Naked Yoga: Where Are Your Middle-Aged Clothes Anyway?
by Marjorie Dorfman
What is naked yoga and why is it so drafty? Does it differ from standard yoga and if so, how? Read on for some truths, naked mostly, but some otherwise clothed.
The ancient Indian practice of yoga as a path to spiritual growth is as old as the hills. Naked yoga, however, is a whole other smoke (or hill, if you will). The practice of performing yoga without clothes is gaining in popularity as people learn to multi-task, which translates into doing dirty laundry while getting fit without worrying about what to wear in those "off" times.
No one can say for sure exactly when naked yoga was first practiced. This is perhaps due to the fact that nudity is generally a private affair, despite the growing number of nudists that can be counted among us. (Stand up so we can take a count, but put something on, will ya?) It must be said, however, that naked yoga is becoming more and more popular, and is not likely a fad that will go away. This latest trend is economically appealing as it requires even less equipment than the original art form does, namely a mat on which to do exercises and loose-fitting clothes.
Other yoga fads that have either come and gone, or that have at least sat down to rest by the riverside for a while might include: aqua yoga (has nothing to do with the color; its performed in a pool), disco yoga (for those who wish to yoga-go-go) and boga yoga, which is done with boxing gloves and may or may not concern its sparring partner, the bogey man.
The practice of naked yoga has been in effect in the western world at least since the 1960s and was depicted in several movies of the era including the 1968 film, "Bob & Carol & Ted and Alice". Back in 1998, in New York City where things are known to happen, an American man named Jayadev began a group called "Midnight Yoga For Men" where participants practiced "naked before the infinite." Considered the founder of Naked Yoga, Meredith Medland is credited along with her husband, Ted McElwee, for having made the concept of Naked Yoga world famous. Her specific concept involves hands on healing energy and sensuality, which is incorporated to create "a sacred space where groups of people experienced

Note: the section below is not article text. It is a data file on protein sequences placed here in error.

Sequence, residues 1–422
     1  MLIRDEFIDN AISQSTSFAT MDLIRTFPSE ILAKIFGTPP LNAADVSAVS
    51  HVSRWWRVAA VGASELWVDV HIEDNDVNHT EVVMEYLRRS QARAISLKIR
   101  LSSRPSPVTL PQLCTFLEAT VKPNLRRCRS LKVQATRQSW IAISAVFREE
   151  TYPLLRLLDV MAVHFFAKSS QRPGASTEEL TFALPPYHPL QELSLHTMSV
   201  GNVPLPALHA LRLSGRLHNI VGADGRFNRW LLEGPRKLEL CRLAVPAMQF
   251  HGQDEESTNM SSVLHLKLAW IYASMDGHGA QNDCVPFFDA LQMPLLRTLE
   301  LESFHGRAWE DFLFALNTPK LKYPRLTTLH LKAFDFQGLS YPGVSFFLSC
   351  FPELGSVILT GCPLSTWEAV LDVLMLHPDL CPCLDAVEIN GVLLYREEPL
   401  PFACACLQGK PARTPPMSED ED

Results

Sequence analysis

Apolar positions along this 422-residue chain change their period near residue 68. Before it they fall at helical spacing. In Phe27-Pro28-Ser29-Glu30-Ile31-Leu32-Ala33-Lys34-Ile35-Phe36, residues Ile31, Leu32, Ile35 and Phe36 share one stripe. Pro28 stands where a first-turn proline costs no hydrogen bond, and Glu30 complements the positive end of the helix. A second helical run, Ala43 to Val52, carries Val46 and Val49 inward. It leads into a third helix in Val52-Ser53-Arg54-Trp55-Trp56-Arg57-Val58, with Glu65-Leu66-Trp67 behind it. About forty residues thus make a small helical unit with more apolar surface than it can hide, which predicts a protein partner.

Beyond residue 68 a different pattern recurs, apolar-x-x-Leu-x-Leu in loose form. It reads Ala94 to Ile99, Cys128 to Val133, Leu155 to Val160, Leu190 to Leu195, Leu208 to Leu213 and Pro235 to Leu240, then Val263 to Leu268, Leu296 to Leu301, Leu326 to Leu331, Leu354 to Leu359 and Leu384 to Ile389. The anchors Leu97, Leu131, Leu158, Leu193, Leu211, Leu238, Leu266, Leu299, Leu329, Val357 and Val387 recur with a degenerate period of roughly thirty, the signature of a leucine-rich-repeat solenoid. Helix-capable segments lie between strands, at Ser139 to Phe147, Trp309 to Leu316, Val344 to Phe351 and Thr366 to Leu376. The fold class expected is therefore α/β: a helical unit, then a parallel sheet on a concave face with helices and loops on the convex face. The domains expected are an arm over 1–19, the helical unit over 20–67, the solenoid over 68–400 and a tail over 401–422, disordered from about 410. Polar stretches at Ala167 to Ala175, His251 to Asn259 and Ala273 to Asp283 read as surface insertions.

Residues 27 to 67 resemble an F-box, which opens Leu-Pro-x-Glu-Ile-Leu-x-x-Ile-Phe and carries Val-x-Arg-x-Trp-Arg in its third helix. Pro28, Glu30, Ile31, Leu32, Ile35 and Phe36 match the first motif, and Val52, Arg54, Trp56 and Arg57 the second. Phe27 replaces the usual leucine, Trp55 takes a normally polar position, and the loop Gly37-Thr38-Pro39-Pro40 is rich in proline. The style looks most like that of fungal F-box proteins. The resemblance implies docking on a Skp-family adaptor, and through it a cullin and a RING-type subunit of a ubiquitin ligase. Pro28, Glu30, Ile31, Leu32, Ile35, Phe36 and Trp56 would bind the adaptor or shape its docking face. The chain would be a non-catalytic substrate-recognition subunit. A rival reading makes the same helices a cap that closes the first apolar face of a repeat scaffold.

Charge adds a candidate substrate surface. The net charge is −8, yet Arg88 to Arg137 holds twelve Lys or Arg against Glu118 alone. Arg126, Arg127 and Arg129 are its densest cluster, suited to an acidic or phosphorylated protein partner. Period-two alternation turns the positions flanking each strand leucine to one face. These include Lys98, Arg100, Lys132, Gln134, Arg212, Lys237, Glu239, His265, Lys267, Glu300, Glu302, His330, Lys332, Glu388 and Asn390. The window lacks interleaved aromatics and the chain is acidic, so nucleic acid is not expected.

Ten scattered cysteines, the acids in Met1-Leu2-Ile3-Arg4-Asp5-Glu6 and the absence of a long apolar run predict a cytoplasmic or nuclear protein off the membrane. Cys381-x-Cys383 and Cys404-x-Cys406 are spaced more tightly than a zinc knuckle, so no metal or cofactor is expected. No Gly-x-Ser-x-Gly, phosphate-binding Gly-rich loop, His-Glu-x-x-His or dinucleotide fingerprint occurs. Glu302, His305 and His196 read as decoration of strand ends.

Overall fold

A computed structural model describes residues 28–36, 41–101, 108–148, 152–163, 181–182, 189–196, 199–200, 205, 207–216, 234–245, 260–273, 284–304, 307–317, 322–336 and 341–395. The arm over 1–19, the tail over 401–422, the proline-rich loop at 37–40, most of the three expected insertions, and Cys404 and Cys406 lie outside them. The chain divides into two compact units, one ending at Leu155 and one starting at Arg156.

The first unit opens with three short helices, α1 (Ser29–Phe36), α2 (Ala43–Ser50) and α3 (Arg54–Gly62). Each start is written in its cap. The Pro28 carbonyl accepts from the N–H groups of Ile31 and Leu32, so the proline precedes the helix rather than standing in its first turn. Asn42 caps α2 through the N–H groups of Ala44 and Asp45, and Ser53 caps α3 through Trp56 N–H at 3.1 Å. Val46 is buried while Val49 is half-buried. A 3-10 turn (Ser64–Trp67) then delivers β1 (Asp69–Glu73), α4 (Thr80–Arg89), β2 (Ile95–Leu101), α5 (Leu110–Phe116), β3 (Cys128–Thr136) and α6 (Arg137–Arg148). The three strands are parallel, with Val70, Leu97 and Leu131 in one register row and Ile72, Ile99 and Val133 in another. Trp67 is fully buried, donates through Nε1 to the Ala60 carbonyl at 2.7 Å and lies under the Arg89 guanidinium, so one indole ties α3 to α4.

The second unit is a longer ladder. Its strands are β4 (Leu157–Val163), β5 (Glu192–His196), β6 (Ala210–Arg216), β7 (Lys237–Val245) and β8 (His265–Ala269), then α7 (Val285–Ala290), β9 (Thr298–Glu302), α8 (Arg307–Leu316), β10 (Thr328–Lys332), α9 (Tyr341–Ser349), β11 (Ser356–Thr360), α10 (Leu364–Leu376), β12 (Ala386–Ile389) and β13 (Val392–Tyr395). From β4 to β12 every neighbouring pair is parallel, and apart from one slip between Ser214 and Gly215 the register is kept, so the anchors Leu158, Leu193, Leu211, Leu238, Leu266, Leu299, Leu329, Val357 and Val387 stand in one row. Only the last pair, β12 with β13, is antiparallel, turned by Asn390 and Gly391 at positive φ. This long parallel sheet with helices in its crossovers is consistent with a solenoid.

their multi-dimensional energies." One fan of naked yoga says: "I like the sheer vulnerability of having no clothing and letting everything hang. Theres no concealing anything anymore. Theres no place to hide." Another supporter said that being naked helped him to "concentrate on keeping mind body and spirit together which is the essential purpose of yoga."
Well, there certainly isnt any place to hide while doing naked yoga unless you can practice in a dark closet away from the rest of the class. Most supporters claim that being naked provides a freedom that must be experienced in order to be understood. Its freedom of movement, body positioning and even external thought. Even though most might think that being naked would prove more distracting for obvious reasons, devotees claim that the effect on ones psyche is just the opposite; namely, that it becomes a completely internal experience. Those who have been doing naked yoga for extended periods of time have said that they could not go back to doing it with clothes on (that is, if they could find their clothes).
Sunday mornings at the One Taste Urban Retreat on Folsom Street in San Francisco are naked yoga days devoted to the challenge of accepting and revering ones own body. According to Rob Kandall, the centers business manager, "Its a heart-opening experience." In addition to transforming experiences, this retreat also features dance classes and massage, an art gallery and a small café. So come one, come all, if this sounds like your bag.
Other naked events seem to be catching on as well, causing drafts wherever they appear. The Third Annual Naked Gardening Day, scheduled for May of 2007, is expected to encourage people all over globe tend to their portion of the cosmic garden clothed as nature intended. In June of 2006 the World Naked Bike Ride was held in Seattle, Washington. At Madrona Park, the riders held a brief yoga program, which incorporated the use of the riders bikes in a mid-ride stretch. (It is not known how the bikes felt afterwards.) It does seem clear, however, that a visit to this park or the Urban Retreat may well mean that you will leave more than just your heart in San Francisco, as the old song says.
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